In my recent post, I averaged the bullish stock market sentiment from three well-regarded and longstanding surveys and found unprecedented bullishness during the past two years. My latest article for Trading Markets found that the peaks and valleys of sentiment across the three surveys have tracked intermediate-term market swings quite nicely. A chart of those data can be found on the 11/7 Trading Psychology Weblog.
Going back to mid-1987 (N = 1006 weekly periods), I created a composite measure of investor sentiment by averaging the bullish percentages from the American Association of Individual Investors survey, the Investors Intelligence poll, and the survey from Market Vane. Over that period, these measures of sentiment are positively correlated with each other, but do not have huge areas of overlap. The AAII and Investors Intelligence polls are most closely related, with a correlation of .52. Those two polls correlate with the Market Vane measure by only about .26. Altogether, the polls share less than 30% of the total variance in reported sentiment. That suggests to me that the surveys may be tapping different kinds of traders: some shorter-term, some longer-term, some index traders, some traders on individual equities.
By averaging the three surveys and focusing on when they are all bullish or bearish, we can obtain a good sense for when a variety of traders are leaning the same way in the market.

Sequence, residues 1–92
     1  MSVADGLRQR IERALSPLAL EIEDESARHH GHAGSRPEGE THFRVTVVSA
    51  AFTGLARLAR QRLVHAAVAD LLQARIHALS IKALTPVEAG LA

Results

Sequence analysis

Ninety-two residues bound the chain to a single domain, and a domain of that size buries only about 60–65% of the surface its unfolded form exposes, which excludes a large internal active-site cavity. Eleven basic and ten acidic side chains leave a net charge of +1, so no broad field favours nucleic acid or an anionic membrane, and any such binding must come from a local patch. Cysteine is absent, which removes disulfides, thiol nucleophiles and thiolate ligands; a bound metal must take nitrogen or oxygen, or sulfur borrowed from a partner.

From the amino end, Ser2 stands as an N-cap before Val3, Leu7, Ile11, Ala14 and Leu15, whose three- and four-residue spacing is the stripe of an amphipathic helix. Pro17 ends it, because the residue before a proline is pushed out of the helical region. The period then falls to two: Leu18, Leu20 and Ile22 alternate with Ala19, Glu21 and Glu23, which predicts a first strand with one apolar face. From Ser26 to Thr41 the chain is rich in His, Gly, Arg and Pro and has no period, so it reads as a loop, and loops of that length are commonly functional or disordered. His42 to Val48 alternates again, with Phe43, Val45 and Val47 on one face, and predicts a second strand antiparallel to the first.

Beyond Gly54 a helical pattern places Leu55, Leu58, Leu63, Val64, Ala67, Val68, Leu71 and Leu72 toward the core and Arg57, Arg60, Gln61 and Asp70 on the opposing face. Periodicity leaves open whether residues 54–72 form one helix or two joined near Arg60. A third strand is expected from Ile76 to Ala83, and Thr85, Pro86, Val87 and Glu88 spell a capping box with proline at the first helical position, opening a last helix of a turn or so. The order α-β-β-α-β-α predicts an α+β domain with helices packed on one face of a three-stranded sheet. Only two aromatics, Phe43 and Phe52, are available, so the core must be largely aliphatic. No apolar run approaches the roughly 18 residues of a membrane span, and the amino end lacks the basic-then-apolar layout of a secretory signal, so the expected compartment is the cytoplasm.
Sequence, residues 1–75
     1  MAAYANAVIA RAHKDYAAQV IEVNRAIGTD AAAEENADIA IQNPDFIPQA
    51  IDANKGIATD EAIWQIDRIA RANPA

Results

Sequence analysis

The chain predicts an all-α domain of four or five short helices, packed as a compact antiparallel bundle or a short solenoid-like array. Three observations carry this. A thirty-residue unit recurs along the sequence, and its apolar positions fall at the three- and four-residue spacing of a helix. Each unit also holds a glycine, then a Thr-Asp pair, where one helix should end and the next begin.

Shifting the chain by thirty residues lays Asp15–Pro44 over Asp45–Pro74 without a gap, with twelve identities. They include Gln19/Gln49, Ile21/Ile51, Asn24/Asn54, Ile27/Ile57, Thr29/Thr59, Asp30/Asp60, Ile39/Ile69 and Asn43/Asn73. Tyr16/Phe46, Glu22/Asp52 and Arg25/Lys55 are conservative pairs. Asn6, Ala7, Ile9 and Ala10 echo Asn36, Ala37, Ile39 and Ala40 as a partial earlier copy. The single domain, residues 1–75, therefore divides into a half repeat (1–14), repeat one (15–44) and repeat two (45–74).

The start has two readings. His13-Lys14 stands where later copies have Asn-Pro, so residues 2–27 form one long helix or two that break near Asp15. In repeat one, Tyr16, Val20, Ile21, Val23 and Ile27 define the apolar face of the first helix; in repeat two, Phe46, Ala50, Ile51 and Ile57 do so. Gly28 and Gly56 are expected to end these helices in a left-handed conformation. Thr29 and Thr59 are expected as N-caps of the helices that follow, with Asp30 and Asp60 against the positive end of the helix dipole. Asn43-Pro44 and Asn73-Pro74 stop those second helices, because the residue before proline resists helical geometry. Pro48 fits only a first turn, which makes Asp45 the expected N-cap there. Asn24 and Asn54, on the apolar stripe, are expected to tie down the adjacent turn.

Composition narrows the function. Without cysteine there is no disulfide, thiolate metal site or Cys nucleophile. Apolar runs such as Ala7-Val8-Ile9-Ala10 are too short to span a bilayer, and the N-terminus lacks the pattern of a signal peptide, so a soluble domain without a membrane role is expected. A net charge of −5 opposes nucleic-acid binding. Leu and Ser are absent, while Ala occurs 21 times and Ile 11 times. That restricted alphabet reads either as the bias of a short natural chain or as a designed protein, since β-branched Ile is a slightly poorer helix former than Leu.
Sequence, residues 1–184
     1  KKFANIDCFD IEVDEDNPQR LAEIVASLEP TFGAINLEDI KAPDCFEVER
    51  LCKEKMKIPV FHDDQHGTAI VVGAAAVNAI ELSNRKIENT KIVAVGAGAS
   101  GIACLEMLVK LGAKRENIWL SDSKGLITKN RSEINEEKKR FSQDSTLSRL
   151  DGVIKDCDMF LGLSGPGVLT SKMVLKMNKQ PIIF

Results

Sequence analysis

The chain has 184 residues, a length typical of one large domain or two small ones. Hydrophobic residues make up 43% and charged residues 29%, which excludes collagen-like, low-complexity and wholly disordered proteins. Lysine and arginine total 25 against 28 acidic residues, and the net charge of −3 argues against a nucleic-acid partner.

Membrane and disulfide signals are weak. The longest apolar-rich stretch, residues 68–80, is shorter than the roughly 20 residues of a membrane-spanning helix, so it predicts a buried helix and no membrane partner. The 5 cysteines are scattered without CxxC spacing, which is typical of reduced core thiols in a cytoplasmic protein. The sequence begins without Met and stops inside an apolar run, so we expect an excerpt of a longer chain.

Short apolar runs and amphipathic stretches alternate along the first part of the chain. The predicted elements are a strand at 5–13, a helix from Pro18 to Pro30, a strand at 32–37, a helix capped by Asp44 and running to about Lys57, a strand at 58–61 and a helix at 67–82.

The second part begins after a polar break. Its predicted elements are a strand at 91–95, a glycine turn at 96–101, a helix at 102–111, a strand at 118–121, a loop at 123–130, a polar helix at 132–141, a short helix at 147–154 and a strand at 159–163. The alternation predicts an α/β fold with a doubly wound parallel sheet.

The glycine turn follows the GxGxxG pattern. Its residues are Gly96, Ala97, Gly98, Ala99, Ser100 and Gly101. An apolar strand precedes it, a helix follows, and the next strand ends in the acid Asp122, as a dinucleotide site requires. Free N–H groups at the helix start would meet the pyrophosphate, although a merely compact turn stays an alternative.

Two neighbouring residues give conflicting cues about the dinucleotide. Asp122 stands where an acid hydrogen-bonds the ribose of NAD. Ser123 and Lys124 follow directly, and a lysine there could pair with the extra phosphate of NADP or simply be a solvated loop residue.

What we find in doing so is that, since 1987, the 2004-2006 is unprecedented in its persistent bullishness. Specifically, the average bullish percentage from 2004-2006 has been 53%. The average bullishness from 1987-2003 has been 43%. To put that into perspective, 71% of all weekly periods since 2004 have seen bullish readings over 50%. Prior to 2004, only 20% of readings exceeded 50%.
But now the big question: Does investor sentiment have an impact upon future price changes?
When composite bullishess has exceeded 55% (N = 108), the next 10 weeks in the Dow Jones Industrial Average have averaged gains of only .57% (60 up, 48 down). That is considerably weaker than the average ten-week gain of 1.70% (640 up, 366 down) for the entire sample. Indeed, when bullishness has exceeded 60% (N = 22), the next ten weeks in the Dow average a loss of -2.51% (7 up, 15 down)--a remarkable finding, given the long-term bullish bias in the Dow over that period.
How about when bullishness has been below 40% (N = 308)? The next ten weeks in the Dow average a robust gain of 3.0% (217 up, 91 down)--much stronger than average.
It does, indeed, appear that investor sentiment possesses some contrary value. Consider the outcomes when we look 20 weeks out: When sentiment is bullish (over 55%), the average gain over the next year is a subnormal 1.44%; when there are relatively few bulls (under 40%), the average gain is a robust 5.34%.
The present market, hovering near that 60% level, has some uncomfortable company in market history, including January, 2000; April, 1998; and August,1987. Not every period of very high bullishness has led to a market crash, but only 6 of the 22 highly bullish periods were higher 20 weeks later. And that's no bull.